This Wasn’t the Vibe Shift Democrats Had in Mind

From a conversation between New York Times columnists Gail Collins and Bret Stephens headlined “This Wasn’t the Vibe Shift Democrats Had in Mind”:

Gail Collins: Bret, as you know, I always try to avoid discussing foreign affairs — never been my specialty — but I do want to ask you about the British, um, situation.

Bret Stephens: You mean the country that seems to have switched places with Silvio Berlusconi’s Italy, politically speaking, and Cristina Fernández de Kirchner’s Argentina, economically speaking, and Groucho Marx’s Freedonia, comically speaking? Go on.

Gail: The Tory prime minister, Liz Truss, set a record for failure before she slunk out of office last week. She came into 10 Downing Street promising to cut taxes on the rich, and she did, and she … nose-dived.

Any message there for the rest of us?

Bret: When Margaret Thatcher was pressed on whether she would switch course on her free-market policies, she famously said, “The lady’s not for turning.” She went on to be one of the longest-serving prime ministers in British history. Truss turned against her own policies almost immediately and wound up being turned out of office almost immediately.

So the first lesson is that if you announce a policy, have the guts to stick to it or face political destruction.

Gail: Well, in this case I think we’d have seen political destruction either way. The tax cut idea was disastrous.

Bret: I’d say it was the execution, not the idea: Tax cuts usually stimulate a sluggish economy. The second lesson is that Britain’s economic mess isn’t the result of a month and a half of Truss but 12 years of big-government Toryism under David Cameron, Theresa May and Boris Johnson. Britain just isn’t an attractive country to live or invest in anymore, particularly after it made the foolish decision to leave the European Union.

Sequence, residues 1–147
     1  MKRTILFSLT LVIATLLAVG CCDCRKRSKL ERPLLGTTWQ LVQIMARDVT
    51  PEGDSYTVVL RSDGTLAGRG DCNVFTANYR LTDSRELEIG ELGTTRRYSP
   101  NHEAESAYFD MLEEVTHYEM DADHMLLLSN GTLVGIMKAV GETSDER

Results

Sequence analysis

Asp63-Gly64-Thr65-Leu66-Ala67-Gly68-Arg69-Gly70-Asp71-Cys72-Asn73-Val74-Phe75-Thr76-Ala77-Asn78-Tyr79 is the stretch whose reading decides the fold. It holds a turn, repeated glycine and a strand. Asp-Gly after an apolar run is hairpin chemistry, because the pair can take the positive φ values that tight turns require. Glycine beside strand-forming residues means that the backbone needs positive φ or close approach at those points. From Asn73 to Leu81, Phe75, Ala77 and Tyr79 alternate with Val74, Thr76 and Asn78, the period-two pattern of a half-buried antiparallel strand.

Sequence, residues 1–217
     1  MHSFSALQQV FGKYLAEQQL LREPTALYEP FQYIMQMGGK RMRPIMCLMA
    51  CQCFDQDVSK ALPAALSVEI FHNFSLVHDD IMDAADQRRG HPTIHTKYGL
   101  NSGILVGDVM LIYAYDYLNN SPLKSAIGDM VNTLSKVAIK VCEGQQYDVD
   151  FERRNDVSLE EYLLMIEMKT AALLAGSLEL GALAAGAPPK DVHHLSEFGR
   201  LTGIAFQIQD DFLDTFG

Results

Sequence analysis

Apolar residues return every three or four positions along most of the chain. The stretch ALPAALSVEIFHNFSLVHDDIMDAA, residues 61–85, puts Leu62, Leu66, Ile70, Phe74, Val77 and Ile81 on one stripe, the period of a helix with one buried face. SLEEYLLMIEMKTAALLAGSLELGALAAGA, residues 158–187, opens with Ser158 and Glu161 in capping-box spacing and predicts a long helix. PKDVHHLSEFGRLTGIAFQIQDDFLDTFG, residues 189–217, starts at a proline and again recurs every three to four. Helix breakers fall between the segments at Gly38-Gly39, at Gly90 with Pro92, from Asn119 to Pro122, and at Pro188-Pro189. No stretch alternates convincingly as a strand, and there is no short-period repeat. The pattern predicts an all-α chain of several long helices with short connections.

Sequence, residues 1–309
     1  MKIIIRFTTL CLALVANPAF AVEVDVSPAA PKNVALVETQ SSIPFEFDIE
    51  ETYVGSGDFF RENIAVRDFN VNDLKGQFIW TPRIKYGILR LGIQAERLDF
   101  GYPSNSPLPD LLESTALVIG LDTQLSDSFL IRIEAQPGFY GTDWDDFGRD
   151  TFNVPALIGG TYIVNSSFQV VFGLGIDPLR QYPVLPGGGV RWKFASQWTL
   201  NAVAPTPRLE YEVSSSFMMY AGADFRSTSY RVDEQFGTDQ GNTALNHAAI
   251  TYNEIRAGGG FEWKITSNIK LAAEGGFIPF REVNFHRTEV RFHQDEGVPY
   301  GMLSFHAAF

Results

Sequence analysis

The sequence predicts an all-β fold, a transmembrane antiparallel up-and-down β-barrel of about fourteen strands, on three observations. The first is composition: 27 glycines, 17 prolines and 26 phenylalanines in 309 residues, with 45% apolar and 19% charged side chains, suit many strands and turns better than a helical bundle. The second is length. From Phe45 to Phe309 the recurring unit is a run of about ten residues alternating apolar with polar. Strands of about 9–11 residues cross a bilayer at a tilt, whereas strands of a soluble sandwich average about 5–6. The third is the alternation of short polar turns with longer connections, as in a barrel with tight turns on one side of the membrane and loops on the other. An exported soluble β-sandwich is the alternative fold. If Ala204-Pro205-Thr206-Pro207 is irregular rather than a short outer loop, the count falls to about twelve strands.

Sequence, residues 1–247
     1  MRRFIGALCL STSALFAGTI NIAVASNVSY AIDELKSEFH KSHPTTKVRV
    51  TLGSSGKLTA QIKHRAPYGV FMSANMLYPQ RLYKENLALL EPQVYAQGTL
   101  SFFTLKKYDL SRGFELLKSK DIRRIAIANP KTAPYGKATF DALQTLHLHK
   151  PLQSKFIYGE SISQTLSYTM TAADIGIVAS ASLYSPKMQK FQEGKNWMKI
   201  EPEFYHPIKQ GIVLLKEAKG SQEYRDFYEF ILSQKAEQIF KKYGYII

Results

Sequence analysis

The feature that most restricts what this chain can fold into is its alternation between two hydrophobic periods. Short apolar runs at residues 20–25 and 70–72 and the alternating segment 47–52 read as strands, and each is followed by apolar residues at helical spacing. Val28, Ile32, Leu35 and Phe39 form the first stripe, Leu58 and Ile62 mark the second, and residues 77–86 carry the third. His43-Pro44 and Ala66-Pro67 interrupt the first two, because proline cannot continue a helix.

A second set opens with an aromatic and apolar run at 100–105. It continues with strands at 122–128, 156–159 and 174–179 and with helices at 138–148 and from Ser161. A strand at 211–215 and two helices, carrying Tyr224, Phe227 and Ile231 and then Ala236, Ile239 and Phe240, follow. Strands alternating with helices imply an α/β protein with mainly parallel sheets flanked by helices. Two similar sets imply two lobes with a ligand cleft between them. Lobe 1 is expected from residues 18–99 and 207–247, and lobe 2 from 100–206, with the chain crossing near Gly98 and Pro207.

Bottom line: Have the courage of your convictions and the wit to defend them. Your take?

Gail: That cutting taxes on the rich isn’t the magic answer to economic problems. I believe in a lot of what you’d call big government, but sooner or later, you’ve gotta pay for stuff.

Bret: Gail Collins, fiscal conservative …

Gail: Speaking of debt, President Biden’s plan to start his program of canceling student loans to poor and middle-class borrowers is facing a slew of Republican court challenges.

I’m rooting for him to win the fight — a matter on which I believe we disagree.

Bret: Totally against loan forgiveness. We’ve increased the national debt from $20 trillion to $31 trillion in barely five years and now higher interest rates are going to make it more expensive to service that debt. And we are supposed to write off $400 billion in college loans — including to couples making up to $250,000 — without even giving Congress an opportunity to weigh in? It’s bad policy and worse politics.

Gail: Let me quickly point out that many of the folks who are spending their lives paying off big student loans signed up for the deal when they were little more than kids, some not ready for the programs they were recruited into, and some who were assured that their major in medieval history would lead to high-income jobs that would make it easy to pay off the debt. The system did not work.

Bret: I probably shouldn’t say this, but anyone who thought, at any age, that a degree in medieval history would lead to a life of riches needs stupidity forgiveness, not loan forgiveness.